Academic journal article Studies in the Literary Imagination

The Poetics of Liminality and Misidentification: Winnifred Eaton's Me and Maxine Hong Kingston's the Woman Warrior

Academic journal article Studies in the Literary Imagination

The Poetics of Liminality and Misidentification: Winnifred Eaton's Me and Maxine Hong Kingston's the Woman Warrior

Article excerpt

In 1915, Century. Magazine serialized the anonymously authored Me: A Book of Remembrance, and the story and its author were soon caught in a whirlwind of controversy. Although the autobiography focused principally on the author's artistic maturation, readers found her romantic escapades much more engaging. With dramatic flair ("I was love's passionate pilgrim" [Eaton 346]), the heroine describes her ill-fated affair with a wealthy married man, an unwelcome kiss from a black Jamaican politician, a lecherous doctor's advances, and her simultaneous engagement to three men (she is too kind and inexperienced to refuse their proposals). The Toronto Star reported that, "while shocking the sensibilities of many of the old subscribers," Me's racy subject matter "increased [Century]'s circulation considerably"; publicity also fueled sales as New York City subway advertisements and billboards asked, "Who is the author of Me?" ("Famous"; Birchall 116). (1) Reviewers responded to both Me's sensational content ("if all is true therein, the orthodox will find comfort in that the book ends with the heroine at prayer" [Clipping, Star]) and to the question of the author's identity ("the author of 'Me' is probably much more clever and fascinating than during the impulsive maidenhood of which she writes" [Clipping, Times]). (2) The speculation ended with the New York Times Book Review article entitled "Is Onoto Watanna Author of the Anonymous Novel Me?" in which the writer deduced the author's nationality, and ultimately her identity, from various clues (including a scene featuring the heroine's kissing a man's sleeve, which the writer claimed was a Japanese custom [cited in Birchall 116]). (3)

While the article satisfactorily resolved the mystery for readers, it served another, more important purpose by safeguarding the actual identity of the author, as "Onoto Watanna" itself was a pseudonym for the more pedestrian and distinctly Western-sounding Winnifred Eaton. The Canadian-born Eaton, whose father was British and mother Chinese, assumed a Japanese authorial persona in order to bypass late-nineteenth-century North American Sinophobia and exploit the Japonisme fad, dissociating herself from stereotypes of the Chinese as debased and unassimilable and appealing to the seemingly more benevolent stereotypes of the Japanese as exotic yet civilized. A prolific author whose fiction and non-fiction appeared in magazines such as Ladies' Home Journal and Redbook, her principal success stemmed from the popularity of Watanna's "Japanese" romance novels and short stories, most of which were published between 1898 and 1922 and featured picturesque settings, naive and childlike Japanese heroines, and the occasional act of hari-kari.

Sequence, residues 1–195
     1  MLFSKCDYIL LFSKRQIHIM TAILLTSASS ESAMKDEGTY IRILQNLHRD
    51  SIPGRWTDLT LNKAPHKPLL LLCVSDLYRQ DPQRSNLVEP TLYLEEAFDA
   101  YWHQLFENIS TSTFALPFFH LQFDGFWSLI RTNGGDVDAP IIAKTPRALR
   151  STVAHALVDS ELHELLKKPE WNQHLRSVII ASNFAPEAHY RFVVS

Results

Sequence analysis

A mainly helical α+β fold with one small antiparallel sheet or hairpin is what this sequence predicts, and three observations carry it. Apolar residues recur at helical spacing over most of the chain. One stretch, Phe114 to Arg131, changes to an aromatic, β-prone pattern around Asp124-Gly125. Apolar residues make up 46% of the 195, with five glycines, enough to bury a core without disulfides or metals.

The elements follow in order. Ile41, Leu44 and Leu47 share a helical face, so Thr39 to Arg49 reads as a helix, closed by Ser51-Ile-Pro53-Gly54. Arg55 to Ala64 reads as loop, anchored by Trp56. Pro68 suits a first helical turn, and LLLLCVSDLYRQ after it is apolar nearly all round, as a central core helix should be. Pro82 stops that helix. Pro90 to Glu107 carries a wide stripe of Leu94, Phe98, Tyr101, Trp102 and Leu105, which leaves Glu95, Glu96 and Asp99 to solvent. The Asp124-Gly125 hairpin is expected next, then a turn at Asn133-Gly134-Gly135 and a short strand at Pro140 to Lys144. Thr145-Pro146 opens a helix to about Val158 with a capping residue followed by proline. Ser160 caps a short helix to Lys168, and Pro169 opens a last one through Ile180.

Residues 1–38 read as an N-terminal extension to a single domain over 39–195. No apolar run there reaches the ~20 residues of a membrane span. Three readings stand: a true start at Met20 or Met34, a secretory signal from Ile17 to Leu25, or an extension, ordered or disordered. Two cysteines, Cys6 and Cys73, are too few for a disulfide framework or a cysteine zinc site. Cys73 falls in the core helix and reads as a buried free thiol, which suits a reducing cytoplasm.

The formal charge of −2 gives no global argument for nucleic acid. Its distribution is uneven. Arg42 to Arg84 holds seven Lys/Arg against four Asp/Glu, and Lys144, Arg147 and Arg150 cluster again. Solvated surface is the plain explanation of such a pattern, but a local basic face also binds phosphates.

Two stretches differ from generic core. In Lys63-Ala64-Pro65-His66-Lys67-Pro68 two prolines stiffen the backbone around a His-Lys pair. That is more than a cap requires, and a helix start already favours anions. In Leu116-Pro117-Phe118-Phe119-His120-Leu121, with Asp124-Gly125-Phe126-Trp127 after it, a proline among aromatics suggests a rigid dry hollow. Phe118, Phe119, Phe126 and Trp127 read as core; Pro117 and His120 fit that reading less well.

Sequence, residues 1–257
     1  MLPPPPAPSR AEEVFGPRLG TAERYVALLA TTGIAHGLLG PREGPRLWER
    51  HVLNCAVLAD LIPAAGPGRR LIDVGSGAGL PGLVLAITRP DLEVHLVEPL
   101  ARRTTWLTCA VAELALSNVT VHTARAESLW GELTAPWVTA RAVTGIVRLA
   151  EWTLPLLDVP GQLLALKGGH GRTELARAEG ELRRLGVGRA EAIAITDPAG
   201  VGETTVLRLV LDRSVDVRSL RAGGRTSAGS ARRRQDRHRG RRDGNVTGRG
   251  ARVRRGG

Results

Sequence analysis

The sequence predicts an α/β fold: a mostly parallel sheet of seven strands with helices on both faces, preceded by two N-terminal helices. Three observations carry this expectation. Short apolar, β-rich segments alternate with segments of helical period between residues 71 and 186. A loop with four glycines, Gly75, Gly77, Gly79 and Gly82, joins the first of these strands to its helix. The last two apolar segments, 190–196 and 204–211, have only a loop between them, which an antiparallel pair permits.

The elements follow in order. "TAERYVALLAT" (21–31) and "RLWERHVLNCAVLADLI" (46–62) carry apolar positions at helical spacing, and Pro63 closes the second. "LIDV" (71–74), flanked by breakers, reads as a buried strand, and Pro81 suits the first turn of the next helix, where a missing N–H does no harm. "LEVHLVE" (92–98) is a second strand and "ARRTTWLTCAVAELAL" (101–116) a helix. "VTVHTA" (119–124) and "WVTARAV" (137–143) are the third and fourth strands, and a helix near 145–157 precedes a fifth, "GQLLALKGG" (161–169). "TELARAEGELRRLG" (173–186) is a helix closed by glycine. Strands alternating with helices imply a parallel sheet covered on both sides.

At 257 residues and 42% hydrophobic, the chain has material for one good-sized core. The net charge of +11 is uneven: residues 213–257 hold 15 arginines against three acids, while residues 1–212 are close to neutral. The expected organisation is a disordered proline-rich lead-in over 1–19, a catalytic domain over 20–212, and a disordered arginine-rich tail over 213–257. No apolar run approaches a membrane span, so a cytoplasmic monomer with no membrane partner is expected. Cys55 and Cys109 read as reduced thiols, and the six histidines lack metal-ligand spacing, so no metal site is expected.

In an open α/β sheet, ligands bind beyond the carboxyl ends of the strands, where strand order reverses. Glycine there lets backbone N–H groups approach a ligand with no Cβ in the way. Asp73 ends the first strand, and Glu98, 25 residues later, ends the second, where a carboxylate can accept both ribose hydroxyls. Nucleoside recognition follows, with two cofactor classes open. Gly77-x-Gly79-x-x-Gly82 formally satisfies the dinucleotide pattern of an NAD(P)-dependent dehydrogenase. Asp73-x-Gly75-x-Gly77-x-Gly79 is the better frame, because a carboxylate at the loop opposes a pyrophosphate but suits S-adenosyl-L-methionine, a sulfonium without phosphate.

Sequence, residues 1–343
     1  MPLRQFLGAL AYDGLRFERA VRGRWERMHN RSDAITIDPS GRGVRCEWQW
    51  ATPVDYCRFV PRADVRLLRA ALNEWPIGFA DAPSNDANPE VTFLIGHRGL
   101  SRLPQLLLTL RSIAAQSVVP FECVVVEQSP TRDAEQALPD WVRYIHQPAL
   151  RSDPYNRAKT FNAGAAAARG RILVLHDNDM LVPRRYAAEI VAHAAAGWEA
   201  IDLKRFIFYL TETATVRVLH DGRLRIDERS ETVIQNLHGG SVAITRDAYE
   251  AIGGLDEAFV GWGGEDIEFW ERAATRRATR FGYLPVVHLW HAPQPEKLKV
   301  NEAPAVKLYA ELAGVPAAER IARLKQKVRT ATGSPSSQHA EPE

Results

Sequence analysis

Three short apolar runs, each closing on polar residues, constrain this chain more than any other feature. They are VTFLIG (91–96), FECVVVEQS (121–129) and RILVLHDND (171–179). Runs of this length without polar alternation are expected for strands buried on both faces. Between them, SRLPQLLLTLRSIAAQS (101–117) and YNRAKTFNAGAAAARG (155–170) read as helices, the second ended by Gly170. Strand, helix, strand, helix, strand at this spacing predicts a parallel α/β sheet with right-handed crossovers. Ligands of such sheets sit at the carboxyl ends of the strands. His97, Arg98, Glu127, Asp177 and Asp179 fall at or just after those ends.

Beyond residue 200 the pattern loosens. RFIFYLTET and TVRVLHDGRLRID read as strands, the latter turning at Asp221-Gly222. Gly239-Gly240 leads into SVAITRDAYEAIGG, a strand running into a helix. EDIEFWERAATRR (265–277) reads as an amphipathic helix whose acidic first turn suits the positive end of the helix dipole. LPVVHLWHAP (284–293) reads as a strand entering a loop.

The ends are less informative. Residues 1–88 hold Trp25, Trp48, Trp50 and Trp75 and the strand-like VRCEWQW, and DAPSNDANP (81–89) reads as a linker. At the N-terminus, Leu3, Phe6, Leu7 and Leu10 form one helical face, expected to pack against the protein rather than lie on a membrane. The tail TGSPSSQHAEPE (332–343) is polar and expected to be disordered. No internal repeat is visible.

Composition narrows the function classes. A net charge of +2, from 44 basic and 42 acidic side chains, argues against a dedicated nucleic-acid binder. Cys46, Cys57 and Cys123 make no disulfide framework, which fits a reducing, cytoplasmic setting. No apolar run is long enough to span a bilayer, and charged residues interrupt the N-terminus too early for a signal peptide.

A significant departure from the Japanese novels, Me is nonetheless a narrative befitting its chameleonic author. In addition to depicting Eatong romantic exploits, the account details the crucial year in which the seventeen-year-old leaves her familial Canadian home to pursue a writing career and charts her travels to Jamaica, Richmond, Chicago, and New York. Although the plot essentially follows the events of Eaton's life, many other details are fictionalized, especially those related to the author's racial identity. Eaton refers to herself throughout Me as "Nora Ascough" and avoids mentioning her mother's Chinese heritage in a rather unconvincing attempt to "pass" as white (as evidenced by the New York Times Book Review "expose"). (4) Further conflating fact and fiction is Me's evocation of various literary genres, including Bildungsroman, fairy tale, and not surprisingly, the romance novel. Her dependence upon other genres and her predilection for melodramatic phrasing ("[fate] was a black, monstrous thing, a thief in the dark that hid to entrap me" [346]) often propels the autobiography into implausibility and reflects Eaton's treatment of her identity as merely another device that could be manipulated, fabricated, or exploited. …

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